Multiple dating approach (14C, 230Th/U and 36Cl) of tsunami-transported reef-top boulders on Bonaire (Leeward Antilles) – Current achievements and challenges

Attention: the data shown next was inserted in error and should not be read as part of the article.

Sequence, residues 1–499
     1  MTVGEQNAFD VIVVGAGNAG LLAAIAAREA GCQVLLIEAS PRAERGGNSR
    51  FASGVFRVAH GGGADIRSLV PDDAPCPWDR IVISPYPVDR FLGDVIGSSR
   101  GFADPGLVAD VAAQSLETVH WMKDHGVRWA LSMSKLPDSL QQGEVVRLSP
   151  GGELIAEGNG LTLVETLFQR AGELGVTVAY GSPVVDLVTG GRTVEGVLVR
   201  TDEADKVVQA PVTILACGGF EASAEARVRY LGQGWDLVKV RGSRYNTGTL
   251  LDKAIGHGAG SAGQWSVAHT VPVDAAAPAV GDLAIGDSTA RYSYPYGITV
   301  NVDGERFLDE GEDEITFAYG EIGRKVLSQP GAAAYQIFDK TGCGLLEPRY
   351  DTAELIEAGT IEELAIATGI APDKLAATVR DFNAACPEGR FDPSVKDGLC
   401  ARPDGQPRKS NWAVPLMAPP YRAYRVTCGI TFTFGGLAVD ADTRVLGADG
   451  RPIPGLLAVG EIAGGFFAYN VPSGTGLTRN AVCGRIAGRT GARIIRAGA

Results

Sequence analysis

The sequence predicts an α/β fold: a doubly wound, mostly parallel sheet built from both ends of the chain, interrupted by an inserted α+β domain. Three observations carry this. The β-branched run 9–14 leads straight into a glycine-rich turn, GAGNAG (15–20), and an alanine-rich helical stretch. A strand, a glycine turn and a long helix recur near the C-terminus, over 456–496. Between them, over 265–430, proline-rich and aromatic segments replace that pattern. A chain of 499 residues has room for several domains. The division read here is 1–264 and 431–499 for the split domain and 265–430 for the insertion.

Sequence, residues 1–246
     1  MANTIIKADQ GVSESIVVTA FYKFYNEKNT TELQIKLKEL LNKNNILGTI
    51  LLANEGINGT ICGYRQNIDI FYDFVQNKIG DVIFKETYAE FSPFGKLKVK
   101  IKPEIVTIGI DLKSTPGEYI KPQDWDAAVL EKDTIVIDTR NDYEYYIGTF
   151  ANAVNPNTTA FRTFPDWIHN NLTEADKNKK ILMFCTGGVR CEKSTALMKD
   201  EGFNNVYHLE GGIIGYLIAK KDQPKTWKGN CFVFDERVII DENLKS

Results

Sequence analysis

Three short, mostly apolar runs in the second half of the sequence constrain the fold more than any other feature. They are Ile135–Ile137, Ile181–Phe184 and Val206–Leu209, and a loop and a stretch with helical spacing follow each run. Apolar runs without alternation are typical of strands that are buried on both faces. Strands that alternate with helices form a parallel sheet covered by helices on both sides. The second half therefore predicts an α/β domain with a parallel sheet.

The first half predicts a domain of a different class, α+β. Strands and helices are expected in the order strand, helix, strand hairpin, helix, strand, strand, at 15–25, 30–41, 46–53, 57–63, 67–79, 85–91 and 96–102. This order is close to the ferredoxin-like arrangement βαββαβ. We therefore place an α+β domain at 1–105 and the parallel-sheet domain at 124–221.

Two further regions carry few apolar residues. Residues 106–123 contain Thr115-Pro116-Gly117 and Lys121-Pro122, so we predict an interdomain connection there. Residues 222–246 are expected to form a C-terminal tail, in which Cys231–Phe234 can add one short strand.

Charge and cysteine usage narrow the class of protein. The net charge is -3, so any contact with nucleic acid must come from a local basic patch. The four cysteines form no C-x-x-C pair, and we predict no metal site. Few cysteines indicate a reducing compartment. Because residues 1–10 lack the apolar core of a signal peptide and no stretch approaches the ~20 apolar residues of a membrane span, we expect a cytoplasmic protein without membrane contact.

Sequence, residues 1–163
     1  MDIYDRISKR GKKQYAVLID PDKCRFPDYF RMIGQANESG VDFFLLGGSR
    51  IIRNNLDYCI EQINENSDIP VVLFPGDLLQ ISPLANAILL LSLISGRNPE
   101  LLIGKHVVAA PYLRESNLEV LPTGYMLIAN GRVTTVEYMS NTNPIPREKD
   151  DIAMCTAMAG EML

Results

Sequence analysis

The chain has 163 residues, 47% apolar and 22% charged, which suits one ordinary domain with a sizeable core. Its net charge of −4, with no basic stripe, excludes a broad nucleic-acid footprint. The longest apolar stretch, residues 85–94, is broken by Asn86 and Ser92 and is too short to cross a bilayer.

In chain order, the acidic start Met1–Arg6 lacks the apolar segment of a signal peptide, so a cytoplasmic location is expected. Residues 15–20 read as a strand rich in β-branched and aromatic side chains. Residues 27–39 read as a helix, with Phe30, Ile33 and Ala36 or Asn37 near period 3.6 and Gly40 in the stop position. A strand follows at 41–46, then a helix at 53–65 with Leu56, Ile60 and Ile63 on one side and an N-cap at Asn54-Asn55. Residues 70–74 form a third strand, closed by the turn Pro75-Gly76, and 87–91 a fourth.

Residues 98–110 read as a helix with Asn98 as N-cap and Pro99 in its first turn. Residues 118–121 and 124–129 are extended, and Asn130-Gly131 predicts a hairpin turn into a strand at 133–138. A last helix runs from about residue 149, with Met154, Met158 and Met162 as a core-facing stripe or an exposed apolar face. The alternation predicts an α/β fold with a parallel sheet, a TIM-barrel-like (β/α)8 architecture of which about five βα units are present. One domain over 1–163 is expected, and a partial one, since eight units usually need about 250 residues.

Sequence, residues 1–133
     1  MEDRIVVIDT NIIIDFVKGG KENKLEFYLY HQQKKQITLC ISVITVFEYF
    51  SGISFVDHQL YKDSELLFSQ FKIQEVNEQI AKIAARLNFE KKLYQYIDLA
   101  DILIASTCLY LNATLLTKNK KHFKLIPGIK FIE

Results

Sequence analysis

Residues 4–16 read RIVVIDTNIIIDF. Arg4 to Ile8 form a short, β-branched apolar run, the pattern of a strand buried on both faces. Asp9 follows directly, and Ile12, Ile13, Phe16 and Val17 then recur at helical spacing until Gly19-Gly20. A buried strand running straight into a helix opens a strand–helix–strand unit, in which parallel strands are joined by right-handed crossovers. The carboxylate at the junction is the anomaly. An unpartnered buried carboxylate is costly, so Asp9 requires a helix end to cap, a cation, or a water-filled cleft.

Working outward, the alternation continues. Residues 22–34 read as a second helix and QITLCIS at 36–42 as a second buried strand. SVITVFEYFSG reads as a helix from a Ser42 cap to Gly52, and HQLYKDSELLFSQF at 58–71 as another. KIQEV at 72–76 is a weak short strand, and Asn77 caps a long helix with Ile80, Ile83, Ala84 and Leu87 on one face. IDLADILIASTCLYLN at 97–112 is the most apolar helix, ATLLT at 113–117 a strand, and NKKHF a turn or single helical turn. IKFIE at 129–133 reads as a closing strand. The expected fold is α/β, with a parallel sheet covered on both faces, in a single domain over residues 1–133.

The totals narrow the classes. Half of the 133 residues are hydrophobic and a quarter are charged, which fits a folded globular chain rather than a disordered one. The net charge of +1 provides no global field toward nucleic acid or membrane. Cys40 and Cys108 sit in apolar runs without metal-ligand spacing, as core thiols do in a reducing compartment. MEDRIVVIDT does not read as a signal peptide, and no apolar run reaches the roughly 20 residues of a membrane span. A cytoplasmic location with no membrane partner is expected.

Dating the transport/deposition time of supratidal coarse-clast deposits is difficult, limiting their value for inferring frequency-magnitude patterns of high-energy wave events. On Bonaire (Leeward Antilles, Caribbean), these deposits form prominent landforms, and transport by one or several Holocene tsunamis is assumed at least for the largest clasts. Although a large dataset of 14C and electron spin resonance (ESR) ages is available for major coral rubble ridges and ramparts, it is still debated whether these data reflect the timing of major events, and how these datasets are biased by the reworking of coral fragments. As an attempt to overcome the current challenges for dating the dislocation of singular boulders, three distinct dating methods are implemented and compared: (i) 14C dating of boring bivalves attached to the boulders; (ii) 230Th/U dating of post-depositional, secondary calcite flowstone and subaerial microbialites at the underside of the boulders; and (iii) surface exposure dating of overturned boulders via 36Cl concentration measurements in corals. Approaches (ii) and (iii) have never been applied to coastal boulder deposits so far. The three 14C age estimates are older than 40 ka, i.e. most probably beyond the applicability of the method, which is attributed to post-depositional diagenetic processes, shedding doubt on the usefulness of this method in the local context. The remarkably convergent 230Th/U ages, all pointing to the Late Holocene period (1.0–1.6 ka), are minimum ages for the transport event(s). The microbialite sample yields an age of 1.23 ± 0.23 ka and both flowstone samples are in stratigraphic order: the older (onset of carbonate precipitation) and younger flowstone layers yield ages of 1.59 ± 0.03 and 1.23 ± 0.03 ka, respectively. Four coral samples collected from the topside of overturned boulders yielded similar 36Cl concentration measurements. However, the computed ages are affected by large uncertainties, mostly due to the high natural chlorine concentration. After correction for the inherited component and chemical denudation since platform emergence (inducing additional uncertainty), the calculated 36Cl ages cluster between 2.5 ± 1.3 and 3.0 ± 1.4 ka for three of four boulders whilst the fourth one yields an age of 6.1 ± 1.8 ka, probably related to a higher inheritance. These 230Th/U and 36Cl age estimates are coherent with a suggested tsunami age of < 3.3 ka obtained from the investigation of allochthonous shell horizons in sediment cores of northwestern Bonaire. Whilst 230Th/U dating of post-depositional calcite flowstone appears to be the most robust and/or accurate approach, these results illustrate the potential and current limitations of the applied methods for dating the dislocation of supralittoral boulders in carbonate-reef settings.